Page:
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1.  Amphetamine induced dopamine release increases anxiety in individuals recovered from anorexia nervosa 
Genetic, pharmacologic, and physiological data suggest that individuals with anorexia nervosa (AN) have altered striatal dopamine (DA) function.
We used an amphetamine challenge and positron emission tomography [11C]raclopride paradigm to explore DA striatal transmission in 10 recovered (REC) AN compared to 9 control women (CW).
REC AN and CW were similar for baseline, post-amphetamine [11C]raclopride binding potential (BPND) and change (Δ) in BPND for all regions. In CW, ventral striatum Δ BPND was associated with euphoria (r = − .76; p = .03), which was not found for REC AN. Instead, REC AN showed a significant relationship between anxiety and Δ BPND in the pre-commissural dorsal caudate (r = −.62, p = .05).
REC AN have a positive association between endogenous DA release and anxiety in the dorsal caudate. This finding could explain why food-related DA release produces anxiety in AN, whereas feeding is pleasurable in healthy participants.
PMCID: PMC3151352  PMID: 21541980
anorexia nervosa; amphetamine; dopamine; anxiety; positron emission tomography
2.  Differential weight restoration on olanzapine versus fluoxetine in identical twins with anorexia nervosa 
No studies have compared the response to selective serotonin reuptake inhibitors and atypical antipsychotics in anorexia nervosa. This case study examines such a comparison.
This report describes a case of 12-year-old identical twins with anorexia nervosa, one of whom was treated with olanzapine and the other with fluoxetine, while undergoing family therapy.
Twin A treated with fluoxetine went from 75% to 84.4% ideal body weight, while Twin B treated with olanzapine went from 72% to 99.9% ideal body weight over the course of 9 months.
This case supports the need for adequately powered, controlled clinical trials to test the efficacy of olanzapine in adolescents presenting with anorexia nervosa.
PMCID: PMC3579522  PMID: 21344468
3.  Genetic Association of Recovery from Eating Disorders: The Role of GABA Receptor SNPs 
Neuropsychopharmacology  2011;36(11):2222-2232.
Follow-up studies of eating disorders (EDs) suggest outcomes ranging from recovery to chronic illness or death, but predictors of outcome have not been consistently identified. We tested 5151 single-nucleotide polymorphisms (SNPs) in approximately 350 candidate genes for association with recovery from ED in 1878 women. Initial analyses focused on a strictly defined discovery cohort of women who were over age 25 years, carried a lifetime diagnosis of an ED, and for whom data were available regarding the presence (n=361 ongoing symptoms in the past year, ie, ‘ill') or absence (n=115 no symptoms in the past year, ie, ‘recovered') of ED symptoms. An intronic SNP (rs17536211) in GABRG1 showed the strongest statistical evidence of association (p=4.63 × 10−6, false discovery rate (FDR)=0.021, odds ratio (OR)=0.46). We replicated these findings in a more liberally defined cohort of women age 25 years or younger (n=464 ill, n=107 recovered; p=0.0336, OR=0.68; combined sample p=4.57 × 10−6, FDR=0.0049, OR=0.55). Enrichment analyses revealed that GABA (γ-aminobutyric acid) SNPs were over-represented among SNPs associated at p<0.05 in both the discovery (Z=3.64, p=0.0003) and combined cohorts (Z=2.07, p=0.0388). In follow-up phenomic association analyses with a third independent cohort (n=154 ED cases, n=677 controls), rs17536211 was associated with trait anxiety (p=0.049), suggesting a possible mechanism through which this variant may influence ED outcome. These findings could provide new insights into the development of more effective interventions for the most treatment-resistant patients.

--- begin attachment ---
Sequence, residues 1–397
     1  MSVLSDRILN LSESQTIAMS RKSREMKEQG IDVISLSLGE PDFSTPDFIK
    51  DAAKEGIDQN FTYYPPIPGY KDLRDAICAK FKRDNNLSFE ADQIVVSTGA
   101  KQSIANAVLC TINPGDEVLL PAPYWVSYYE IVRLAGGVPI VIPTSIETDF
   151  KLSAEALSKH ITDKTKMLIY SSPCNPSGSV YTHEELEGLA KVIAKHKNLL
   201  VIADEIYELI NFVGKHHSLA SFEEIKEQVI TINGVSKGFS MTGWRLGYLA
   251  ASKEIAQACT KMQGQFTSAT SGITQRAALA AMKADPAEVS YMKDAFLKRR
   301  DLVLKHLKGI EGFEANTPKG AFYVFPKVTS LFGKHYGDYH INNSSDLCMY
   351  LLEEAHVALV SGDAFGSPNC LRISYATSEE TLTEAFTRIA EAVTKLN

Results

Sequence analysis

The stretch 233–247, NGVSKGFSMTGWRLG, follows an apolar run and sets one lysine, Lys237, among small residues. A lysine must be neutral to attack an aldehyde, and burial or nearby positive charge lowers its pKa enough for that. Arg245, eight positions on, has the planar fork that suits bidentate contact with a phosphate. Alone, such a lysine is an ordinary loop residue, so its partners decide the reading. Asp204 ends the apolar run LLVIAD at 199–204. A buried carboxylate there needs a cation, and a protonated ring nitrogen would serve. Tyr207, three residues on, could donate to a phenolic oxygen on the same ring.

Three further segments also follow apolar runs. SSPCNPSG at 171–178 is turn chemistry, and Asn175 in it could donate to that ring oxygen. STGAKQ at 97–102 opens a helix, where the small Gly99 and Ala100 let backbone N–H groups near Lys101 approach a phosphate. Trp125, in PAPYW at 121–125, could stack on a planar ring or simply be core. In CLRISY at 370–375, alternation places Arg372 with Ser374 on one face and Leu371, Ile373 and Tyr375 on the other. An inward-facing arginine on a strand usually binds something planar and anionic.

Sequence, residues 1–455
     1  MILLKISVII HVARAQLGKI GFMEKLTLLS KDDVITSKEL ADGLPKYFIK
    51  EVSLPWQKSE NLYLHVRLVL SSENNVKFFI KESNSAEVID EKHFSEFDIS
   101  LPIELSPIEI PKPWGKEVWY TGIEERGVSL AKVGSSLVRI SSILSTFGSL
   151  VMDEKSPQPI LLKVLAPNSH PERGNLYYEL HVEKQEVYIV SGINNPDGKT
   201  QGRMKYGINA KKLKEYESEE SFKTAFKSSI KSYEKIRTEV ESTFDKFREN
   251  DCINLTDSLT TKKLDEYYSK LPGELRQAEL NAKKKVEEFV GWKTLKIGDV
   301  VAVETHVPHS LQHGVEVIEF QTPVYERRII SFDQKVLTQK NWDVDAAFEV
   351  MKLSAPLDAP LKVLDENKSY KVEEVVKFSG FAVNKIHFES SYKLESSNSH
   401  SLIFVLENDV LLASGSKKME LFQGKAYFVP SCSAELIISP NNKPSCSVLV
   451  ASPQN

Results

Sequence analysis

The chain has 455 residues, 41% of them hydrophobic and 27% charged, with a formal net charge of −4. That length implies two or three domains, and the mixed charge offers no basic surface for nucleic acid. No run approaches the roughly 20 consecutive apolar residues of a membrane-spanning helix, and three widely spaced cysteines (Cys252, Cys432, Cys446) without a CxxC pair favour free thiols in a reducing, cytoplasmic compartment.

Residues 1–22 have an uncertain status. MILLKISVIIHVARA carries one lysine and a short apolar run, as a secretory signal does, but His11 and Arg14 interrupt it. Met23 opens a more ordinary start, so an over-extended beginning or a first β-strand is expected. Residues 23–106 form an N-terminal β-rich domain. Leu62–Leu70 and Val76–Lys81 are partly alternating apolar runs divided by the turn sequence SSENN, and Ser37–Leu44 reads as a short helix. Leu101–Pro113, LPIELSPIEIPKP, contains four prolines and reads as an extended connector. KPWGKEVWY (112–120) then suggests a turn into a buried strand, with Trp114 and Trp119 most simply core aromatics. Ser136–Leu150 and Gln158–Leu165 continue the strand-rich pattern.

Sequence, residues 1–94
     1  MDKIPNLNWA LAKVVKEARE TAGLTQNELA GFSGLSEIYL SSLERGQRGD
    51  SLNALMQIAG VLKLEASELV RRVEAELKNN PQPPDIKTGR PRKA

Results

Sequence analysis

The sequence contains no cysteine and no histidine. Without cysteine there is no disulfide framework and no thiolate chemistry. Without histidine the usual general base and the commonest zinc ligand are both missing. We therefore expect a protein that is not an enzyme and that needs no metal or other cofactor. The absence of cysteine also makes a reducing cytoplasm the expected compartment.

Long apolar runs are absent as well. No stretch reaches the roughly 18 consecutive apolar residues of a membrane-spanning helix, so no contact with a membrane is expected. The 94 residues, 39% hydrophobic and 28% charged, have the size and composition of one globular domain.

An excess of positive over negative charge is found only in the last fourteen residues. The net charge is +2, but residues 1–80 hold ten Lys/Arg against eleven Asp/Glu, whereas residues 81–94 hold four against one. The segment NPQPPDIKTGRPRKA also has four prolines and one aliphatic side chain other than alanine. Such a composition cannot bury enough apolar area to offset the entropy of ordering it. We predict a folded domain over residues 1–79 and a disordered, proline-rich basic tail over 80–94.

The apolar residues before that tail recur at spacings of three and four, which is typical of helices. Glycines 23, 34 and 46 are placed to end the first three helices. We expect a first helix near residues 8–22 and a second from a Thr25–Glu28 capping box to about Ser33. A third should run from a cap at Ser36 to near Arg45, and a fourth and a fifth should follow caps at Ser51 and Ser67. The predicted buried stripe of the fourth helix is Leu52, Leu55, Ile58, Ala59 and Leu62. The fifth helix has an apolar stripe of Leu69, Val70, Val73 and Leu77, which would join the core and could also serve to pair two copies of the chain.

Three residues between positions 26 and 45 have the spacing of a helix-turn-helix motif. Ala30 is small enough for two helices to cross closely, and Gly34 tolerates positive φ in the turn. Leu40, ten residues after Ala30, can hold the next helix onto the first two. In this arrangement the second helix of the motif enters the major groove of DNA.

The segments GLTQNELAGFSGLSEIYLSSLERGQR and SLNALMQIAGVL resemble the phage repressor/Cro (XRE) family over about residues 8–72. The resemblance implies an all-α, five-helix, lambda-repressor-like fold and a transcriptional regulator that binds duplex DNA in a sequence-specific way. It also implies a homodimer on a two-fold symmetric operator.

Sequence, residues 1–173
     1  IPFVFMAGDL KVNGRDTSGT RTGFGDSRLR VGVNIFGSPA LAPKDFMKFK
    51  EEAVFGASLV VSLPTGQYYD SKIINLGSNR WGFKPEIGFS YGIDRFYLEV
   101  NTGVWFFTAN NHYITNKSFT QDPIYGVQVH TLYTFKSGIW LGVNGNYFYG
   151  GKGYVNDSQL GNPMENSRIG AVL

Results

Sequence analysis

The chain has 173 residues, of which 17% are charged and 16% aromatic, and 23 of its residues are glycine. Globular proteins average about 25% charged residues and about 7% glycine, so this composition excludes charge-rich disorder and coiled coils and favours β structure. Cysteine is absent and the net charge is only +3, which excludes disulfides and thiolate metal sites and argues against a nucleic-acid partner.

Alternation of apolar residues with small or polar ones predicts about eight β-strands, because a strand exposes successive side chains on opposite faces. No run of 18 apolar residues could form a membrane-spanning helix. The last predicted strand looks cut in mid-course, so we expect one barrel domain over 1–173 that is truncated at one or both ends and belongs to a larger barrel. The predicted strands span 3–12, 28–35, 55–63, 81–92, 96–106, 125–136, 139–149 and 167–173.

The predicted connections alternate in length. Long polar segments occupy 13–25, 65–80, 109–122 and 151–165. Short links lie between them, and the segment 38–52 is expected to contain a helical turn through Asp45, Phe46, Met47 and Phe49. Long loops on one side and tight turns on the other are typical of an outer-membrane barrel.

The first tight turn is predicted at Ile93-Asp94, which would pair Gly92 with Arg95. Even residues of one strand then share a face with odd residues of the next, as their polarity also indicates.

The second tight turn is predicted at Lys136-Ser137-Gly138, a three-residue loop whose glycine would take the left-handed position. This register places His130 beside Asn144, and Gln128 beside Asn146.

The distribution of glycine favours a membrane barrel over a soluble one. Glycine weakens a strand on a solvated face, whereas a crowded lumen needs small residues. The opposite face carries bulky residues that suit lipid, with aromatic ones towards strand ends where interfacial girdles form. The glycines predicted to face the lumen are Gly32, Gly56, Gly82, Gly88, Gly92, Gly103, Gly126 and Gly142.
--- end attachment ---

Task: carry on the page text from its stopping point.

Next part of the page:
PMCID: PMC3176559  PMID: 21750581
GABA; anorexia nervosa; recovery from eating disorders; genetic association; single nucleotide polymorphisms; eating/metabolic disorders; GABA; eating/metabolic disorders; neurogenetics; biological psychiatry; genetic association; anorexia nervosa; recovery from eating disorders; single-nucleotide polymorphisms; phenomic association
4.  5-HT1A receptor activation is necessary for 5-MeODMT-dependent potentiation of feeding inhibition 
We propose a translational approach to the study of anorexia nervosa (AN) based on our human subject studies where there are characteristic elevations in 5-HT1A receptor binding, associated harm avoidance behaviors, reduced impulsivity, and comorbid anxiety disorders. Towards this goal, the hyponeophagia assay was implemented whereby food-deprived mice show increased latency to begin feeding in a novel, anxiogenic environment. The non-selective serotonin agonist, 5-MeODMT, potentiates feeding inhibition compared to the inhibition generated by the anxiogenic environment in a drug-by-environment interaction. Thus, using hyponeophagia in mice, it was possible to study the following key components of AN: anxiety; feeding inhibition; and a modulatory role of the serotonergic system. A major prediction of the proposed AN model is that 5-HT1A receptor activation is necessary for feeding inhibition. In support of this model, the 5-HT1A receptor antagonist, WAY100635, reverses the 5-MeODMT-dependent potentiation of feeding inhibition. Our findings hint at a mechanistic role for increased 5-HT1A receptor activation in restricting-type AN. Further implications for the interplay between anxiety and feeding inhibition in AN are discussed.
PMCID: PMC2724836  PMID: 19490926
Serotonin; Anorexia; Feeding; Anxiety; Impulsivity; Novelty

Results 1-4 (4)